# What is the magnitude of the charge on a second object?

• rainyday4511
In summary, there is a problem involving two charged objects separated by 17 m. One object has a charge of 22 x10-6 C and the electrostatic force between them is 0.8 N. The question is asking for the magnitude of the charge on the second object, which can be solved using the equation F= 9x10^9 q1 q2 / D^2.
rainyday4511

## Homework Statement

Two charges are separated by a distance of 17 m. The charge on one object is 22 x10-6 C and the magnitude of the electrostatic force between them is 0.8 N. What is the magnitude of the charge on the second object?
(enter your answer as a decimal with at least 4 non-zero digits)

## The Attempt at a Solution

Have you ever come across an equation which gives the force between two charged particles?

Are you asking me do I have the equation for this problem?

rainyday4511 said:
Are you asking me do I have the equation for this problem?

Yes.

F= 9x10 (with an exponent of 9) q1 q 2 divided by D2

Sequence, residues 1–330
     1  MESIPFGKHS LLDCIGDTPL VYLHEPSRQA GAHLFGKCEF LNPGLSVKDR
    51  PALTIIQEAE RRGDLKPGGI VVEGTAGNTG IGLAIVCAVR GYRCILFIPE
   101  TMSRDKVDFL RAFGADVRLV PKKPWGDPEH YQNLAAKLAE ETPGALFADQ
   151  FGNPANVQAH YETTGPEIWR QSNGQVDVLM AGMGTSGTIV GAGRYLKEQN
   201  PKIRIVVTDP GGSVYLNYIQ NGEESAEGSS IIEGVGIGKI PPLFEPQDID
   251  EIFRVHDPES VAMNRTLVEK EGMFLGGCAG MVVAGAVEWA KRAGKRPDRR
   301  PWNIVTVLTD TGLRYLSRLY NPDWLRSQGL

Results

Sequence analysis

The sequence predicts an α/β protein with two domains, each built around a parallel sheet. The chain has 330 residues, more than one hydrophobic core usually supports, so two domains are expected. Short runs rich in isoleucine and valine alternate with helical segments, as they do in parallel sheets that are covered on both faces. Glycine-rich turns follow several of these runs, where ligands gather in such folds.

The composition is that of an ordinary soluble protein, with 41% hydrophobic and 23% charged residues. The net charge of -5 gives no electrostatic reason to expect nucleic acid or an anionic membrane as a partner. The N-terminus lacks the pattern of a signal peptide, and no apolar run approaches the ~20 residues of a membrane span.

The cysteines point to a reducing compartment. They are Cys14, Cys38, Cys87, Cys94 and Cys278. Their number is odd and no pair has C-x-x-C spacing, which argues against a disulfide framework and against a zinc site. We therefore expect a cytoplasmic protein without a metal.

Ok, does that equation apply to this problem? Which variables are unknowns in this situation?

## 1. What is the unit of measurement for charge?

The unit of measurement for charge is the Coulomb (C).

## 2. How is the magnitude of charge calculated?

The magnitude of charge can be calculated using Coulomb's Law, which states that the magnitude of the electrostatic force between two point charges is directly proportional to the product of their charges and inversely proportional to the square of the distance between them.

## 3. Can the magnitude of charge on an object be negative?

Yes, the magnitude of charge on an object can be negative. This indicates that the object has an excess of electrons, giving it a negative charge.

## 4. How does the magnitude of charge affect the strength of the electric field?

The magnitude of charge on an object directly affects the strength of the electric field around it. The greater the magnitude of charge, the stronger the electric field will be.

## 5. Is the magnitude of charge a fundamental property of matter?

Yes, the magnitude of charge is a fundamental property of matter. It is one of the four fundamental forces of nature and is a fundamental property of particles such as protons and electrons.

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